10:16PM EST September 30. 2012 – When the reality show The Amazing Race premiers Sunday night on CBS, the cast will include a heavy metal rocker, a world champion lumberjack, Chippendale Dancers and Amy Purdy, the top-ranked adaptive snowboarder in the world last year.
Purdy, a double amputee, hopes to qualify for the U.S. national team this season and eventually compete in the Para-Snowboard competition which will make its debut at the 2014 Paralympic Winter Games in Sochi, Russia.
“I learned a lot from the race that I’m going to apply to my snowboarding skills,” Purdy, 32, told USA TODAY Sports. “Being on top of your game and being confident with the task you’re choosing and going for it and not really second-guessing yourself, that’s huge — with the race and snowboarding.”
In this season’s show, teams travel across three continents, through nine countries and cover more than 25,000 miles. Beginning in California, the contestants will repel off a 10-story-high bridge and later fry an egg on their heads in Indonesia and work as rat collectors in Bangladesh in pursuit of the $2 million prize.
“I walked away confident in my abilities,” Purdy said. “I knew I was capable going into it otherwise I wouldn’t have signed up for it, but I learned just how capable I was. Some of the things I was worried about didn’t happen. You can psyche yourself out and you realize you’re so much stronger and more capable than you thought.”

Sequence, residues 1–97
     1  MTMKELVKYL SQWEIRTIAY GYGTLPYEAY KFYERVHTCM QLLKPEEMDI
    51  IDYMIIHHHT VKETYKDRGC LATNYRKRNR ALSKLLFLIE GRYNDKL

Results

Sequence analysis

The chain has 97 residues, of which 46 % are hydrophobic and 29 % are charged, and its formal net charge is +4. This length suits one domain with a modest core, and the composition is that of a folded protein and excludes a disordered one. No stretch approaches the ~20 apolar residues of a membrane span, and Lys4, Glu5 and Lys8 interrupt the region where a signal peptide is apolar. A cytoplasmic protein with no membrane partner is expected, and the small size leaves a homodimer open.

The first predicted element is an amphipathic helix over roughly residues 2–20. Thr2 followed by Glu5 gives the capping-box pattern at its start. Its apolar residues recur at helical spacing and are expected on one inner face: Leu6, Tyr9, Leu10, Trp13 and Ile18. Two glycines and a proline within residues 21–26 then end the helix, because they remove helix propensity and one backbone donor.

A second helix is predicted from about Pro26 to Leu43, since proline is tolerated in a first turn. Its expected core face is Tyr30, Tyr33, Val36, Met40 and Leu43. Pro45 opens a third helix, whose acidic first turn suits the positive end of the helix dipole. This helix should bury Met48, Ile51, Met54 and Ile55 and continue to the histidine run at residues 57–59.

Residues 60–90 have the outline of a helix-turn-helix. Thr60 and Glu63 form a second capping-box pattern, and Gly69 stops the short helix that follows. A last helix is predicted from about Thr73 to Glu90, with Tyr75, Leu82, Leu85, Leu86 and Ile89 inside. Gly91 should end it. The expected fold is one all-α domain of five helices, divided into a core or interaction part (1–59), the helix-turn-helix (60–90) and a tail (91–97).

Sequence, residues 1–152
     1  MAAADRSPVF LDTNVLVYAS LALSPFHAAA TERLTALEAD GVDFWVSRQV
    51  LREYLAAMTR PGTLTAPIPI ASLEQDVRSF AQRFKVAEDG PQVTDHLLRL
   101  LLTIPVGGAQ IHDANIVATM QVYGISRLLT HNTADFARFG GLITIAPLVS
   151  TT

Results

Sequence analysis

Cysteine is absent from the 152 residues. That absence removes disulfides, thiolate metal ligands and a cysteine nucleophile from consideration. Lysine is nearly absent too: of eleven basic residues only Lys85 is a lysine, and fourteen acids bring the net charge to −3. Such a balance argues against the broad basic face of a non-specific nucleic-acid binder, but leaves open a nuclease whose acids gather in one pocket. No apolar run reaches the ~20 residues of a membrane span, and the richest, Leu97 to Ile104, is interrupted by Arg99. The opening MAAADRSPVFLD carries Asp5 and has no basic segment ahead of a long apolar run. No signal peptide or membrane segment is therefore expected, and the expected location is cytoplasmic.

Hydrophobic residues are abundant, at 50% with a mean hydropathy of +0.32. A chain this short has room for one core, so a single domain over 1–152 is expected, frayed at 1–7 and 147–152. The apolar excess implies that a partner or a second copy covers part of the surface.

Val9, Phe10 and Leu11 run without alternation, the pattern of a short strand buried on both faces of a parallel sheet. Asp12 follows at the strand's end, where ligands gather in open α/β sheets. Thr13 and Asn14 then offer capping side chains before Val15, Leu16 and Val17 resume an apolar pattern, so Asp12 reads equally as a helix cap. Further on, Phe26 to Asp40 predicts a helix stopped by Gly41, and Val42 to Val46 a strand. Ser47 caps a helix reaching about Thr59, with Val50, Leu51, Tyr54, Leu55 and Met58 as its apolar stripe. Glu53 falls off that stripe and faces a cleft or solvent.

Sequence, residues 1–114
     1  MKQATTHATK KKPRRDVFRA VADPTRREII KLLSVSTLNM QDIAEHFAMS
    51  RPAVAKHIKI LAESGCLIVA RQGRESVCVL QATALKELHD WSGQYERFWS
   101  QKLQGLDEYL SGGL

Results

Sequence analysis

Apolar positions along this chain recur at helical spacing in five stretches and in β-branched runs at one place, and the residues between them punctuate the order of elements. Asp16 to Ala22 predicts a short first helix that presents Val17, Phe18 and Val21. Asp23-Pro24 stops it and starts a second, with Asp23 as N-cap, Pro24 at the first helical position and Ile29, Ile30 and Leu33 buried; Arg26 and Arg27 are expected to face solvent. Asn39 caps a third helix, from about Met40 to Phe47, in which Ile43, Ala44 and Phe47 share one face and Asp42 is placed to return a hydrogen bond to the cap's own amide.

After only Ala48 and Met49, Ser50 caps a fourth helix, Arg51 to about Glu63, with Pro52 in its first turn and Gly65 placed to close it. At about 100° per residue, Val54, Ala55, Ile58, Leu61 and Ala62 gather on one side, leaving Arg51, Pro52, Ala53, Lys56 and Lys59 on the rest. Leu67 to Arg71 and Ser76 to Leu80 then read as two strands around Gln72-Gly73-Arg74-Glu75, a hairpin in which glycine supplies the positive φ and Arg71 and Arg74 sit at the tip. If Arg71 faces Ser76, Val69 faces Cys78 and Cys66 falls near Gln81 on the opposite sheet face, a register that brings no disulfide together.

Purdy began snowboarding at 15 but her life changed at 19. After experiencing flu-like symptoms, she was rushed to the hospital. En route, she experienced respiratory and multiple organ failure which caused her to lose circulation to her extremities. She was diagnosed with meningitis and given less than a 2% chance of survival once on life support and placed into a coma.
Because of the lack of circulation she suffered, her legs were amputated below the knee and later received a donated kidney from her father just before turning 21. Three months after her kidney transplant, she competed in the national snowboarding championship where she won medals in three events. She went on to be the first double-leg amputee competitive snowboarder and last February won consecutive World Cup competitions, making her the top-ranked adaptive snowboarder in the world.
Purdy has spent the last decade overcoming barriers, and in “The Amazing Race” she obviously faced obstacles other competitors did not.
“I knew with prosthetic legs there would be challenges that other people I’m competing with don’t have to deal with,” she said. “But once the adrenaline gets going, I realize that honestly I forget that I have prosthetic legs. That’s huge because I’m reminded of it every day. I have to put my legs on every single day. I realize that they’re not that comfortable but once the adrenaline kicks in and once you have a goal, you just go. I kind of overcame any discomfort I thought I was possibly going to have.”
In the show, Purdy’s teammate is her boyfriend, Daniel Gale. Together, the couple founded Adaptive Action Sports, a non-profit organization which helps the disabled youth, young adults and wounded veterans get involved with action sports. The organization was instrumental in getting adaptive snowboarding added to the Sochi Games. Purdy hopes her involvement with the show will also bring awareness to disabled athletes.
“You’re starting to see more and more amputees and more and more people with disabilities in the limelight but this show is really about abilities,” Purdy said. “I really hope that it does showcase not just my ability but open something up in the viewers who are struggling with finding their abilities. Maybe inspiring people to not just give up, to take risks and to challenge themselves.
“Just because I’ve got two prosthetic legs, yeah I had to adapt in ways, but I’ve also become a lot stronger. It doesn’t mean I’m at any disadvantage really.”